Because Boston has three legitimate options who can combat Howard one-on-one (Shelden Williams, stay ready, regardless), it allows the four other Celtics on the floor to worry about Orlando's perimeter shooters, as having a versatile guy like Rashard Lewis at the power forward spot gives the Magic up to four credible threats from the nation at any given time. Not having to sag into the paint to help on Howard gives the Celtics better chances of closing out and contesting Orlando's three-point shooters. If you look at Orlando's roster, the only two guys who will see consistent minutes who won't shoot threes are Howard and Marcin Gortat. Contesting Orlando's shooters will be crucial throughout the series, and the best chance at that is by not doubling down on Howard. 

According to Doc Rivers, the C's double-teamed Howard three times in Game 1, and all three times the Magic ended up scoring:

"We double-teamed three times and they scored all three times, when we were not supposed to double team," said Rivers. "Then dribble penetration. Jameer killed us off the dribble. We have to do a better job there."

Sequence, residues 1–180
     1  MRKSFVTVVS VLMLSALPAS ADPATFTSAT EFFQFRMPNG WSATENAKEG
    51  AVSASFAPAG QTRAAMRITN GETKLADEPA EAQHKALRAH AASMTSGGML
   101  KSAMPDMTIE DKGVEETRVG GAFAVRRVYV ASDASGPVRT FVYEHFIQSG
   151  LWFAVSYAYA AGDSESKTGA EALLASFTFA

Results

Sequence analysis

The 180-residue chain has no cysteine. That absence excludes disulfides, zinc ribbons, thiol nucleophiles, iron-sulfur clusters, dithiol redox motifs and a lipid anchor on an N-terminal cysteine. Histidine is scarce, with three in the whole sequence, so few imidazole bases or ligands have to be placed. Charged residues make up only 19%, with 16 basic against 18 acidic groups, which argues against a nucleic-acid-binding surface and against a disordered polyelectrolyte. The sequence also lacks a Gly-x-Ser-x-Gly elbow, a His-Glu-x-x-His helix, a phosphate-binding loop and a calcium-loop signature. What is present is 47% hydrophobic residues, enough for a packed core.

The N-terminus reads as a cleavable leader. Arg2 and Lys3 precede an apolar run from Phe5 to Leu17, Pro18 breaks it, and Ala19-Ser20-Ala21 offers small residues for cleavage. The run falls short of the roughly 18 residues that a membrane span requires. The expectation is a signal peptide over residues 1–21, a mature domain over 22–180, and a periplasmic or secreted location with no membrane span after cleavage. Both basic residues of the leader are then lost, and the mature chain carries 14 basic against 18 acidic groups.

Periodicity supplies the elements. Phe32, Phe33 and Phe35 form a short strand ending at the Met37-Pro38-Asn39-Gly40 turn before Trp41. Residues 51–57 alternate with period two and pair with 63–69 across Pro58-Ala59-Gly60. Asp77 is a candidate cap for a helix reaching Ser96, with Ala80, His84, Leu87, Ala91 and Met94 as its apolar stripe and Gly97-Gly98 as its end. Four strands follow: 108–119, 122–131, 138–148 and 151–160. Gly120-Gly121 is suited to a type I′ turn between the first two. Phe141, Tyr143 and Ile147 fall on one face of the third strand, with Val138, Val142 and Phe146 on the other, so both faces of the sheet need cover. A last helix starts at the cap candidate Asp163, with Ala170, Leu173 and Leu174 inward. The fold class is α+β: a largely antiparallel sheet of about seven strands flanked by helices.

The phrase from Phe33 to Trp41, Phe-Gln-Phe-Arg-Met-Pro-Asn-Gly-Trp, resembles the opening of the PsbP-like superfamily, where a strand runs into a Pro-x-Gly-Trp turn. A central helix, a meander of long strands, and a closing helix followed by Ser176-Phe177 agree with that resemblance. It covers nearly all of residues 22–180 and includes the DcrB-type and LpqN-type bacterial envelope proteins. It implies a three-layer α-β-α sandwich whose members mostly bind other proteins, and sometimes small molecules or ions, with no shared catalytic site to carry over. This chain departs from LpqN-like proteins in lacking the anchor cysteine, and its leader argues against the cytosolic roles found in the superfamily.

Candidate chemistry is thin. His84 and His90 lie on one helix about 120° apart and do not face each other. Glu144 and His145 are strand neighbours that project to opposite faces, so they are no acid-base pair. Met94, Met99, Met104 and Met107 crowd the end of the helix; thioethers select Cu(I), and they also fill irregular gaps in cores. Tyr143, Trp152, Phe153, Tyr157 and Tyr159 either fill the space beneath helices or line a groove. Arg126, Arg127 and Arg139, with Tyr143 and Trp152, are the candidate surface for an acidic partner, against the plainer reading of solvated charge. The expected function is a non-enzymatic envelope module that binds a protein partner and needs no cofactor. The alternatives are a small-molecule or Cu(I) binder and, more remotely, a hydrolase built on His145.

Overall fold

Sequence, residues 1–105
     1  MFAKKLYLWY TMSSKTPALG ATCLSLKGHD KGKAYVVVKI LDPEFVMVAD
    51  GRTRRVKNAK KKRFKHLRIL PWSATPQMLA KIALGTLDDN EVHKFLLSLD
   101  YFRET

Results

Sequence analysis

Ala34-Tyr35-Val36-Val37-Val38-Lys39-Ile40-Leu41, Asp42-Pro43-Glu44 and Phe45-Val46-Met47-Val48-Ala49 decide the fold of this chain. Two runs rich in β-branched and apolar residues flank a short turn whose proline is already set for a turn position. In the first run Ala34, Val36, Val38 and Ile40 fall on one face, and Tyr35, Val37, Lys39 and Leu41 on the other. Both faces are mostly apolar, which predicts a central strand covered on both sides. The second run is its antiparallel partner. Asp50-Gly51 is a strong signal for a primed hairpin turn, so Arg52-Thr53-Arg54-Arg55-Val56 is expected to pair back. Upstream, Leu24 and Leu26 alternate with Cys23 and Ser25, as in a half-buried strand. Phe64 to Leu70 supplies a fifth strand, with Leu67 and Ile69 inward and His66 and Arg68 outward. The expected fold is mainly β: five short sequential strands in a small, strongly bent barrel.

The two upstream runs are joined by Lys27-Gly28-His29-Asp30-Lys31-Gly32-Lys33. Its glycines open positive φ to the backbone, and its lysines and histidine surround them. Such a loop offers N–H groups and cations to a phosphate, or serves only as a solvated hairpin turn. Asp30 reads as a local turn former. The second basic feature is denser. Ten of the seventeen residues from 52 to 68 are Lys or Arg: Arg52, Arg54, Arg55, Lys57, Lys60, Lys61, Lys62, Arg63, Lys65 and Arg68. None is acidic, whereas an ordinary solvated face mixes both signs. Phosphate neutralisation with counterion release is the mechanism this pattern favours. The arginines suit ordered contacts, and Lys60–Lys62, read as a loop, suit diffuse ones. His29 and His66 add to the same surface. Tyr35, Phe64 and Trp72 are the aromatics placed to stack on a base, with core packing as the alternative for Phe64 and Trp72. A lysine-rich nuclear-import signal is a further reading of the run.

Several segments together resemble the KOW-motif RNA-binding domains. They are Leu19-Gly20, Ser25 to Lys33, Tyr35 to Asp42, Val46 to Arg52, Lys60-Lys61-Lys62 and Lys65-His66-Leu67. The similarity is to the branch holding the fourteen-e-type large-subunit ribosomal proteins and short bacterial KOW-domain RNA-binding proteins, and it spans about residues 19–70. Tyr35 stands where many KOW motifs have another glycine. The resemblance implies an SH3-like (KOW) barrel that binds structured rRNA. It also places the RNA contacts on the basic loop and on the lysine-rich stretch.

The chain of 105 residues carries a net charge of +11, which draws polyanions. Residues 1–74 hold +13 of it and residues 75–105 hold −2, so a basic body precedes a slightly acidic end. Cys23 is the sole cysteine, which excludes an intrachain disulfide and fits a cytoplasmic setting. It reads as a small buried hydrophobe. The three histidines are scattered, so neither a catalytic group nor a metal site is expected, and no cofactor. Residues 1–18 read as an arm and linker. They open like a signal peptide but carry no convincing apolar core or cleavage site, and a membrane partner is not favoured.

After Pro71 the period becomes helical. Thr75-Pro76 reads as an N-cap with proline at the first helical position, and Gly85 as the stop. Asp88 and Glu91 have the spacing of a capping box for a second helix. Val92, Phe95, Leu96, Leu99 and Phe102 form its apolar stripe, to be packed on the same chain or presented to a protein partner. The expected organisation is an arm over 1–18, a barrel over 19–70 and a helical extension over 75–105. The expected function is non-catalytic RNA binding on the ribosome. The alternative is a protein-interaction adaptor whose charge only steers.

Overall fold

One such instance came with 8:42 left in the fourth quarter. The Celtics led, 79-63, the ball got tossed into Howard, and I believe it was Ray Allen (although it could have been Rondo. My short term memory is failing me) who went down to double him, which led to Howard kicking the ball back out just to the right of the top of the key to Jason Williams, who rose up and buried a three-pointer. At that point in the game, Howard had just 10 points, and was showing no signs that he was about to explode on the offensive end and take the game over. I specifically remember screaming at the TV: "Why are you double-teaming him!?" Admit it, you were, too. And if you want to get technical, the Magic outscored the Celtics 22-13 after Williams hit that three-pointer.

The good news is the C's are clearly aware of all of this, which means they are hopefully poised to continue to find success in both of these areas tonight en route to taking a commanding 2-0 series lead.